Arndt Art Agency
Rodel Tapaya NGA 2017
Images courtesy of the National Gallery of Australia, Canberra
Rodel Tapaya in conversation with Jaklyn Babington, Senior Curator, Contemporary Arts Practice - Global, National Gallery of Australia
RODEL TAPAYA NEW ART FROM THE PHILIPPINES
18.03.17 - 20.08.17
National Gallery of Australia, Canberra
Speaking about the symbolism in his large triptych The promise land: the moon, the sun, the stars, a newly commissioned work for the NGA, Rodel Tapaya says, ‘In some way, I realise that old stories are not just metaphors. I can find connections with contemporary time. It’s like the myths are poetic narrations of the present. Sometimes, the present events are so hard to grasp that they could be mistaken as a myth, or folktale, just to enable people to cope’.
Tapaya has been exhibiting for over a decade and has established an intriguing literary-based visual practice, unique in its Filipino perspective yet striking for its participation in the rich history of Hispanic narrative painting. His flat application of paint, cramped figurative compositions and mix of decorative surface with political messaging immediately evokes the work of the Mexican muralists and surrealists such as José Clemente Orozco, Diego Rivera, David Alfaro Siqueiros and Frida Kahlo. However, in a constructed knotting of the social, political and environmental issues of Filipino life, Tapaya’s work illuminates a complicated contemporary existence. And, as with the great social narrative painters before him, the local issues grappled with are often of global significance.
Tapaya’s commission for the NGA is a work of epic scale befitting the complexity of its subject matter. The painting brilliantly presents three separate yet interconnected narratives across a ten-metre triptych.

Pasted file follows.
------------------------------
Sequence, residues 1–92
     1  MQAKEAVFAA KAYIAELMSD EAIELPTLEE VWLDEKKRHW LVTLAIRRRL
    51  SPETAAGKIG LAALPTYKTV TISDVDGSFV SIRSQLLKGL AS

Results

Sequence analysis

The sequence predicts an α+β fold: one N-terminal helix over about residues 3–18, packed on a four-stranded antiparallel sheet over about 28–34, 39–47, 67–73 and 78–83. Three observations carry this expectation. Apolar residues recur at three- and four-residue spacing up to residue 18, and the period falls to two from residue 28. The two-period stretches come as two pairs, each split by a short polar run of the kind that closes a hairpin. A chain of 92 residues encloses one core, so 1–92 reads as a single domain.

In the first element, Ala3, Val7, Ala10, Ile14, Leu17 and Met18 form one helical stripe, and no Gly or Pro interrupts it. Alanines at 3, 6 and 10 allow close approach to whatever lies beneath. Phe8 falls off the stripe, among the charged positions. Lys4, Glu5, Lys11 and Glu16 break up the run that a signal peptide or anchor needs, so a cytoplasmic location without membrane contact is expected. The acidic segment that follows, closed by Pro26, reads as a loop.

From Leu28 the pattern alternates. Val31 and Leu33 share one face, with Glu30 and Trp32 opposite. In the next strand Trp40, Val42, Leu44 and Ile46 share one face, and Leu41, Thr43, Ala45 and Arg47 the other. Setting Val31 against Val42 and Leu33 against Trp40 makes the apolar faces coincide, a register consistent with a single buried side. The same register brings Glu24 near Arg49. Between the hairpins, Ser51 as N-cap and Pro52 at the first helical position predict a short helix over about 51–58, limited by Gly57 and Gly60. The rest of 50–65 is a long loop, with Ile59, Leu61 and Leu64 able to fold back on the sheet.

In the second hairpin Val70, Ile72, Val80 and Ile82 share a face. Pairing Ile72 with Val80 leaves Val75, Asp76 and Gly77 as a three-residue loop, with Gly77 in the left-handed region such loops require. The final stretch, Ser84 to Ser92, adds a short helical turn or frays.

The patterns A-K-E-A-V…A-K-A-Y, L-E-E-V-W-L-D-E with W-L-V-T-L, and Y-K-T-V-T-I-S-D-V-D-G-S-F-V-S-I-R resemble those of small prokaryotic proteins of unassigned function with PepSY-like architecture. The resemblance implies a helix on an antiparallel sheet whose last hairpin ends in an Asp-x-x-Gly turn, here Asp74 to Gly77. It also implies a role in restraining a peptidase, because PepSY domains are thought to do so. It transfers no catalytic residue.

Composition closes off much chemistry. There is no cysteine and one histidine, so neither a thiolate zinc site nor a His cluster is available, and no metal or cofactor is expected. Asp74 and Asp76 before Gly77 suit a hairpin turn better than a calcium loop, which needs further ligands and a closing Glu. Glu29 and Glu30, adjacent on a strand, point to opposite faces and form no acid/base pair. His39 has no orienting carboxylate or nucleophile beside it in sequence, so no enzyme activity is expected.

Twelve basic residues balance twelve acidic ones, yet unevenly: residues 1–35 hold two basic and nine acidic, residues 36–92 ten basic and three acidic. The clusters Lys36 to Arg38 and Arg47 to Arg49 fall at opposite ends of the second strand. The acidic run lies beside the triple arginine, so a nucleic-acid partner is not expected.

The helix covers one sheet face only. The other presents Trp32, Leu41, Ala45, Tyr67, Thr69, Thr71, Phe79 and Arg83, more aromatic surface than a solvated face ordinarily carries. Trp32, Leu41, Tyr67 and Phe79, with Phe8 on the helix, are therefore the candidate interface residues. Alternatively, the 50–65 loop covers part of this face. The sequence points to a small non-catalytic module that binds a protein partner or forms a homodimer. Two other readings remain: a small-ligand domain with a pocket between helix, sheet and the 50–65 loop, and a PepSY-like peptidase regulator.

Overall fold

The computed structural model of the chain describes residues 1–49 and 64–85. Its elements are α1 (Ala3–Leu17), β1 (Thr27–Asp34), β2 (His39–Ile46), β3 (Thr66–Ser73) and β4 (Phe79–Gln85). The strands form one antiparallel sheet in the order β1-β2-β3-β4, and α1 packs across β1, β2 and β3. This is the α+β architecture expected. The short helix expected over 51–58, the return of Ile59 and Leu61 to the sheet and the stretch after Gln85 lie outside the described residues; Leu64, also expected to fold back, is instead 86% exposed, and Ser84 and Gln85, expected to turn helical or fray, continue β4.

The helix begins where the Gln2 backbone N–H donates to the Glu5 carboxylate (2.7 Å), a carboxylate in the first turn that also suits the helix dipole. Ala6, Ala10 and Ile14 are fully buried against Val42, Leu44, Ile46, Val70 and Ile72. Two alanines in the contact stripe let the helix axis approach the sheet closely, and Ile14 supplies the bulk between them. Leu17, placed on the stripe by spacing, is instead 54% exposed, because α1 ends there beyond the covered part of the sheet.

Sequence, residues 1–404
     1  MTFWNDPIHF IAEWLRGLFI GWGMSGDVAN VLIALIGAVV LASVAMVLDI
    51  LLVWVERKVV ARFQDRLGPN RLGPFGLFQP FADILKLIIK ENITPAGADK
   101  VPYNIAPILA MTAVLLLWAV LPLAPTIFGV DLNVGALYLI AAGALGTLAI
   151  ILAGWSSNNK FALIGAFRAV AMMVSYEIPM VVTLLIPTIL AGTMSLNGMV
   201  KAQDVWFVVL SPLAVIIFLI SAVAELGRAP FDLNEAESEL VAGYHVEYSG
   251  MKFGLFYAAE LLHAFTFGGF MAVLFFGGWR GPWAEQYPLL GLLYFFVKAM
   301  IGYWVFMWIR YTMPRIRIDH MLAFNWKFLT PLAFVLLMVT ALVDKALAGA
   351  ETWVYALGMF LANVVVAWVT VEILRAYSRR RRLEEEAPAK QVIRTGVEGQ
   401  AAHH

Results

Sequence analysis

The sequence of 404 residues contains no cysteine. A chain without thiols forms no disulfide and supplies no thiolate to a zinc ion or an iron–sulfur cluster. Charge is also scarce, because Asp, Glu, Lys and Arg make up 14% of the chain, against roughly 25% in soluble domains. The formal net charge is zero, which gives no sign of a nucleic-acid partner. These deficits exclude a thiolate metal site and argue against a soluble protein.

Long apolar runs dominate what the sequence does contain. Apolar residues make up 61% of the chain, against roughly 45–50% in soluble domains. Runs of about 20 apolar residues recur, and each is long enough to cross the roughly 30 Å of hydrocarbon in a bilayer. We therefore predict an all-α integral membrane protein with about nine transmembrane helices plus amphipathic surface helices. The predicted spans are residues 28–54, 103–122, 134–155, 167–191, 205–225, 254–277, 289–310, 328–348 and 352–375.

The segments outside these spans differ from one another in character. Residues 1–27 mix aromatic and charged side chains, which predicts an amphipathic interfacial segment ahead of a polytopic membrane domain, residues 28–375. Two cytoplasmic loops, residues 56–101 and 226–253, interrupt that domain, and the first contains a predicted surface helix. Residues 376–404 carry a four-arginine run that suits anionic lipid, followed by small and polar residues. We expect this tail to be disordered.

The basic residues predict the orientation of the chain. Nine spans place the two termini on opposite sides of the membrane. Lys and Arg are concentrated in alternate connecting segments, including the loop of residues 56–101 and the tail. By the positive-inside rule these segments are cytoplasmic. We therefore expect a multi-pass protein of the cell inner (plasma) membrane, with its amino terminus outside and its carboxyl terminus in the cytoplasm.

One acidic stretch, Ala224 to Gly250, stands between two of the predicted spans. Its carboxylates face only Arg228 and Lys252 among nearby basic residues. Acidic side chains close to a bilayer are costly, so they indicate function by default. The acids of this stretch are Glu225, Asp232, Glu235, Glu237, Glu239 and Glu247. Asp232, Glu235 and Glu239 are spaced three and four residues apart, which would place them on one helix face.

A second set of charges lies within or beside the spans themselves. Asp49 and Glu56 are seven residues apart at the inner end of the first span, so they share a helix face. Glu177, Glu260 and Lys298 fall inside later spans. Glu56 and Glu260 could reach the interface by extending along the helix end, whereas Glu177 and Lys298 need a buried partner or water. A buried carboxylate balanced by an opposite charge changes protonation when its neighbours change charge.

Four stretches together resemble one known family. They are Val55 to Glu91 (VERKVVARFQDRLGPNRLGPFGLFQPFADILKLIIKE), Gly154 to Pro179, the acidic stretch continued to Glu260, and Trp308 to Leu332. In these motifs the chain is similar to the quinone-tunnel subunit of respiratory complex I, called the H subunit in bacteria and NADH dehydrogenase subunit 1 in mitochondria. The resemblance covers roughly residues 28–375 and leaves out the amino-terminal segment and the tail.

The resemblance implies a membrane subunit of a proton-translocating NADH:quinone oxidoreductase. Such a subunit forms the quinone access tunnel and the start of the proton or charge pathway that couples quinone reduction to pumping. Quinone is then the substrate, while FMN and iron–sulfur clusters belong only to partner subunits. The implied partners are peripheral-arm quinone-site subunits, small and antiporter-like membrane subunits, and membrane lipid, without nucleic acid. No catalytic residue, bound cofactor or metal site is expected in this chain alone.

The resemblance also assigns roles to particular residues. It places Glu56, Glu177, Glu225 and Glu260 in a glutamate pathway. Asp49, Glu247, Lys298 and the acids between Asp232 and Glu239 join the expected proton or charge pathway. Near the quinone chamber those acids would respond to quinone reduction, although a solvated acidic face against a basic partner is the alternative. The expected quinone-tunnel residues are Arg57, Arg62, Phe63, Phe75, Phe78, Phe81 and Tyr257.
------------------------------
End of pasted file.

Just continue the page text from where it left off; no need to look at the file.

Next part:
‘My challenge to myself is always … how to make a huge work complex in composition and detail yet with harmony and unity, inspired by stories of past, true or not, from myths, legends and current events’, he says. It is an impressive example of his internationally celebrated folk-narrative style: ‘old stories’ reimagined and reimaged for a contemporary audience.
By drawing inspiration from pre-colonial mythology and Filipino folkloric tradition, Tapaya meticulously pieces together numerous pictorial fragments, fusing the otherworldly with the real, in a visual grappling with contemporary politics, social and environmental issues. He explains, ‘I try to weave them in one continuum, and hopefully people find the narrative by their own journey through the maze. I also hope people see how challenging it is to make a mural-like scale of work with complexities of content and composition. It involves editing, emphasising and including subtleties in the imagery, concepts and themes to enrich the interpretations.'
In The promise land: the moon, the sun, the stars Tapaya reimagines a creation myth from the Moro-Isolan tribe in Mindanao. A great winged creature (Buwan), whose face is divided by a crescent, stares out at us, her red-feathered form perched against the black of the night sky. A ferocious warrior (Araw), holding his kalis (sword) aloft, is shrouded in the red and orange of a burning flame. He appears to send a flickering and crackling heat in all directions, while the stark white face of a Lumad (indigenous) figure, dressed in traditional textiles of the Bagobo tribe, bleeds profusely, spilling a dark red blood across the scene below.
This compelling work features alongside newly created paintings, sculptural installation and works on paper in Rodel Tapaya: New art from the Philippines, the artist’s first solo exhibition in Australia.
Senior Curator, Contemporary Arts Practice – Global
(Extract from Artonview, issue 89, Autumn 2017)